The cranks for all ’82-’86 1.8L Pontiac OHC engines and ‘87 through ‘91 2.0L engines have two small steel pins embedded in the second counterweight of the crank. See photo. They line up with a hole in the block that has a bushing (p/n 90091049) installed in it.
The pins and bushing are used for a crank position sensor that indexes the sequential fuel injection each time the engine is started (See photo). The ‘92 and up 2.0L cranks don’t have these pins even though they have SFI, because they use a special reluctor wheel to trigger both the ignition and the fuel injection.
Rebuilder’s Survival Tip: The turbocharged engines were the only ones that used sequential, multi-port, fuel injection from 1982 through ‘91, so they are the only ones that require the pins in the crank and the bushing in the block for the sensor. A word of caution though: Don’t use a ‘92 and up 2.0L crank without the pins in an earlier turbo engine, because it will not start without the signal from the crank position sensor.
Pontiac 2.5L Balancers
The balancers for the Pontiac 2.5L/151 can be rebuilt if the gears and the housing haven’t been damaged.
Rebuilder’s survival tip: Disassemble the shafts by pressing them apart with a punch from the oil pump end. Clean and inspect the housing, shafts and gears for damage. Replace the bushings with the OEM bearings that are presently available from Enginetech (1-800-869-8711) under p/n BG-371U. Time the weights by bringing both external weights to the top when reinstalling them. Then press the shafts back together. Be sure to use a .165˝ to .185" shim between the gear and the housing while pressing the shafts together to ensure that the shafts are installed correctly (see photos).
2.0L Pontiac OHC Reluctor Wheel
The 1992-‘94 Pontiac 2.0L OHC engine (VIN "H") came with crank-triggered spark. The computer gets a signal from the stamped steel reluctor wheel that is bolted onto the front counterweight and a sensor that sticks into the crankcase through a hole in the side of the block. This can create a problem, because the reluctor wheel is bigger than the counterweights and sticks down below the pan rail where it’s easily damaged during shipping and handling. If the reluctor is bent or nicked, the engine may not start and it definitely will not run right if it does start. See photo.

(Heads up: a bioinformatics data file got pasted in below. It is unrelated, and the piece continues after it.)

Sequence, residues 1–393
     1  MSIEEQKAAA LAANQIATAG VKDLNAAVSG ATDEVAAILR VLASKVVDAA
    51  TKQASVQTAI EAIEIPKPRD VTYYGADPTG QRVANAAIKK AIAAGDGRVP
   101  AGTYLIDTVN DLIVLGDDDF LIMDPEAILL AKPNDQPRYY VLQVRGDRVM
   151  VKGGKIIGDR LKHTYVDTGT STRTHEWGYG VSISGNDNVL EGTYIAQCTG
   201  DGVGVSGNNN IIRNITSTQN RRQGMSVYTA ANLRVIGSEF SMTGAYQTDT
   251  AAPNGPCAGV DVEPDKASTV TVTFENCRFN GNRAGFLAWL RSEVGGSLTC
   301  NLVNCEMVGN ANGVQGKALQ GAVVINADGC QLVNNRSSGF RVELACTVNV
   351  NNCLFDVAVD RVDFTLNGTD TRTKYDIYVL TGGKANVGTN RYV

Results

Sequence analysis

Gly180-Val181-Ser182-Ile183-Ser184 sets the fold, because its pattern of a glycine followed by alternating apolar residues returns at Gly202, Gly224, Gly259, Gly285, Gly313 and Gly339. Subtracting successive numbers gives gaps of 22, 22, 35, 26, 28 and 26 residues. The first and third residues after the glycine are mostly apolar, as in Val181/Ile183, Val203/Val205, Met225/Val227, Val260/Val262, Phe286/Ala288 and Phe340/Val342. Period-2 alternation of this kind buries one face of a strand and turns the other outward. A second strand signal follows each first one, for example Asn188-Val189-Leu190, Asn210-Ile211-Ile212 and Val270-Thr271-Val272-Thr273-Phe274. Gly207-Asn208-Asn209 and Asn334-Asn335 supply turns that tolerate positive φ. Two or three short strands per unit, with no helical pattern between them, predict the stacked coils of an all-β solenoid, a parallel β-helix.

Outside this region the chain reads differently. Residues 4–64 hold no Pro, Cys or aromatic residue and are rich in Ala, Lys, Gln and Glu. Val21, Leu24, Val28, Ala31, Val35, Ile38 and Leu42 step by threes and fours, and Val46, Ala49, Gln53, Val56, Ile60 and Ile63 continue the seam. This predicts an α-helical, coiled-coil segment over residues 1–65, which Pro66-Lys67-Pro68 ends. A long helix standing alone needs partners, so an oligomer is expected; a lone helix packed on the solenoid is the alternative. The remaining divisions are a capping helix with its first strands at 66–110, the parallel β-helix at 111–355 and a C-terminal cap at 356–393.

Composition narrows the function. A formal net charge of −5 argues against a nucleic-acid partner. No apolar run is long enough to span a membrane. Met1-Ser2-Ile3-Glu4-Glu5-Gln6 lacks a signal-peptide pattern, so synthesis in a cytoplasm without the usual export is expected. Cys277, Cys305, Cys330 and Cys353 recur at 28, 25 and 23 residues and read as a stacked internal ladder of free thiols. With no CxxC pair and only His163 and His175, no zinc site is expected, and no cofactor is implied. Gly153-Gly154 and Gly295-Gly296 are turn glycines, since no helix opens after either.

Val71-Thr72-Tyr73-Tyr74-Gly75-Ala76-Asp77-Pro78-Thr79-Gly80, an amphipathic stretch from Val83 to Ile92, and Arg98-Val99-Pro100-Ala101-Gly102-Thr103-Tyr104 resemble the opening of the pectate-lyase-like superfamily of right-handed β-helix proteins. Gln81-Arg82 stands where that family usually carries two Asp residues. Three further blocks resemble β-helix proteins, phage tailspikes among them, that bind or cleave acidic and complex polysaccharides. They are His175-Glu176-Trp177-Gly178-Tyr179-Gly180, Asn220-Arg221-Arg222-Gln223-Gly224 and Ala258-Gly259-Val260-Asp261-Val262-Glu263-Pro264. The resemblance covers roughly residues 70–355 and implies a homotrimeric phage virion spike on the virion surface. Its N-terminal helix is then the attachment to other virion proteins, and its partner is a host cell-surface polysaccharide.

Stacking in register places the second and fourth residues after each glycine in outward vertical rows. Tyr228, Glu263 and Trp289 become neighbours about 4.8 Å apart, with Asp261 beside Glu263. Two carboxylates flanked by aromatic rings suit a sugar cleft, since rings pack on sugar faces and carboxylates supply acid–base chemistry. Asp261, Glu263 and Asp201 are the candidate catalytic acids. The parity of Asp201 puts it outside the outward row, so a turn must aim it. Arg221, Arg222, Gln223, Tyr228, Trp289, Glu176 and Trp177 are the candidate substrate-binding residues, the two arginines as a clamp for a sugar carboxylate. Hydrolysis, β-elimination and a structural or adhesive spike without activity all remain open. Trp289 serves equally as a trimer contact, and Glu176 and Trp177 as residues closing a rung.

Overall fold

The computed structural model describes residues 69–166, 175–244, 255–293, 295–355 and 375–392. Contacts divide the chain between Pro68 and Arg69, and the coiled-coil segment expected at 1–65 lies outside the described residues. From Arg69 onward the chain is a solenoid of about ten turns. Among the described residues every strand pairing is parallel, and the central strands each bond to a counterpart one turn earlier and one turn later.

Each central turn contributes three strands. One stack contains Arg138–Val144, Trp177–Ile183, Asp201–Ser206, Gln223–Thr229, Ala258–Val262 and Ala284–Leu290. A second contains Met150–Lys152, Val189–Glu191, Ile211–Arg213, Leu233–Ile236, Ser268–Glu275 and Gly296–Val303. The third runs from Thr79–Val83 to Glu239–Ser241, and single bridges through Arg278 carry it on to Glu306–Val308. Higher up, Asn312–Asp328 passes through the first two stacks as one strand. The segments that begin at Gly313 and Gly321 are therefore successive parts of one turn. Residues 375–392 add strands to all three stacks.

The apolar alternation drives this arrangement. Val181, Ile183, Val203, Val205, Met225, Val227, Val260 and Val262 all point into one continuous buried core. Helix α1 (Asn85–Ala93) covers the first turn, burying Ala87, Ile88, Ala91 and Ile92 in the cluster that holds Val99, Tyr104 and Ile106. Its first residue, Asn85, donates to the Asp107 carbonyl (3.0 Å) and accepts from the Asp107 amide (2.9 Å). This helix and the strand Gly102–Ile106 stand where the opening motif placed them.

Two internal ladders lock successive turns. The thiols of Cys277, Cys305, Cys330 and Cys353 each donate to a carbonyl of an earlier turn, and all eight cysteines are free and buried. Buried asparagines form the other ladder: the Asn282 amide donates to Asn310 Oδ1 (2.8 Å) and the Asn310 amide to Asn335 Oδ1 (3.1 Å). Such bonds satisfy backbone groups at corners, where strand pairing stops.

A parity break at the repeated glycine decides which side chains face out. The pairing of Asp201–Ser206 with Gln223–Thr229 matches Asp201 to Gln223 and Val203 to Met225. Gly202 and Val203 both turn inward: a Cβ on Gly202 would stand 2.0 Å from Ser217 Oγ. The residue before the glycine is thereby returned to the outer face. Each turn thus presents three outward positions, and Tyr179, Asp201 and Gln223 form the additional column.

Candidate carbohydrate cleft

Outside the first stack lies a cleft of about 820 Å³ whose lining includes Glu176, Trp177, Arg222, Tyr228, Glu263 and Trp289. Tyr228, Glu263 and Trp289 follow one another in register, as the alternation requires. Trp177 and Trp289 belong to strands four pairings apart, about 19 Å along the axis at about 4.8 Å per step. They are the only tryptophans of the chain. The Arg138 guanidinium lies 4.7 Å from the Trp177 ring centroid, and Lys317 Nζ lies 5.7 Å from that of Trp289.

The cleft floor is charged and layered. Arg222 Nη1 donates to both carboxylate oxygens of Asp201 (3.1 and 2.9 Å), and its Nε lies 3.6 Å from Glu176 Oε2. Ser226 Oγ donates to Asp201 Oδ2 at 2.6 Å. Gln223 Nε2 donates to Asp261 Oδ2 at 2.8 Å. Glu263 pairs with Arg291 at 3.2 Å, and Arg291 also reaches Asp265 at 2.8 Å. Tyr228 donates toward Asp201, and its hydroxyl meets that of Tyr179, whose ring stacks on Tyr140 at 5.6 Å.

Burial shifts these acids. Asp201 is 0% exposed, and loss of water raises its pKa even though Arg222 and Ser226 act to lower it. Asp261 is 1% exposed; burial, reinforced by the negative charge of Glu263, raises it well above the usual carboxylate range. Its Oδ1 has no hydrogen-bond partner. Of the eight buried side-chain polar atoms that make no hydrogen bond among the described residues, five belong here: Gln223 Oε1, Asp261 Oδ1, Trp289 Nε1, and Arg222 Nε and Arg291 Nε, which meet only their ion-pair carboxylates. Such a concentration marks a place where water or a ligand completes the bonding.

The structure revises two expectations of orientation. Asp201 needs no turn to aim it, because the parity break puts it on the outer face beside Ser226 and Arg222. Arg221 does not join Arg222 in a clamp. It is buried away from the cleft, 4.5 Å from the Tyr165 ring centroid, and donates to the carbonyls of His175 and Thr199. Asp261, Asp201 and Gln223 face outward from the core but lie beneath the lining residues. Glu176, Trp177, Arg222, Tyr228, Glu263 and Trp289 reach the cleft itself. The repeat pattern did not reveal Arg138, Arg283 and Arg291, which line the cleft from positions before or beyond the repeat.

Rebuilder’s survival tip: Be sure to inspect every reluctor wheel carefully before installing it in an engine. If it’s bent or burred, replace it with a new one. It’s available from GM under p/n 90265094 for about $40. We install a homemade steel shield over the reluctor wheel at assembly (see photo) to protect it during shipping and ask the customer to put it back on the core before they return it to us.
There are at least three different Buick 204 engines out there. When this engine was introduced in 1989, it had a two-piece rear seal. The very same block, (c/n 25532062) was used in 1990, too. In 1991, GM switched to a new casting (c/n 25534816) with a one-piece rear seal. Then, in 1992, GM added a bulge to the front of the block (c/n 24500498 or 24502090) where it mates with the front of the intake manifold.
Rebuilder’s survival tip: Be sure you know the exact model year of the car and double check the casting number before you sell a Buick 3.3L or you could end up with big problems.
Saturn DOHC Heads
The DOHC Saturn head was revised in 1995 so it isn’t interchangable with either of the earlier versions. The EGR mounting pad is parallel to the deck surface on the ‘95 head (c/n 21006937) instead of being canted at a 45° angle like it was on the ‘91-’94 head (c/n 21006469). See photo.
Saturn Front Covers
Saturn has used two different front covers for the SOHC and DOHC engines, and two versions of each. The original covers that were used in ‘91 had a narrow ledge on the top for the rocker cover gasket. They were replaced in ‘92 by two different covers that had wider flanges with three additional, large, threaded holes (10 x 1.5mm) in them. See photos.
When the engine is installed in the car, there are three studs that stick up about 2-1/2" for the torque axis motor mount that was added to reduce "noise, vibration and harshness" (NVH). These later covers can be identified by the three big bolt holes or by casting number. See the chart
To see more pictures click here.